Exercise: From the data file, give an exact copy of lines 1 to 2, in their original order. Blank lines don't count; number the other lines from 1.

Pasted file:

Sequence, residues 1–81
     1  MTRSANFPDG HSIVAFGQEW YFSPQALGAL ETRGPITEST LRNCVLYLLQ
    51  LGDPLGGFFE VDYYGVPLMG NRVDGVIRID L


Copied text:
Sequence, residues 1–81
     1  MTRSANFPDG HSIVAFGQEW YFSPQALGAL ETRGPITEST LRNCVLYLLQ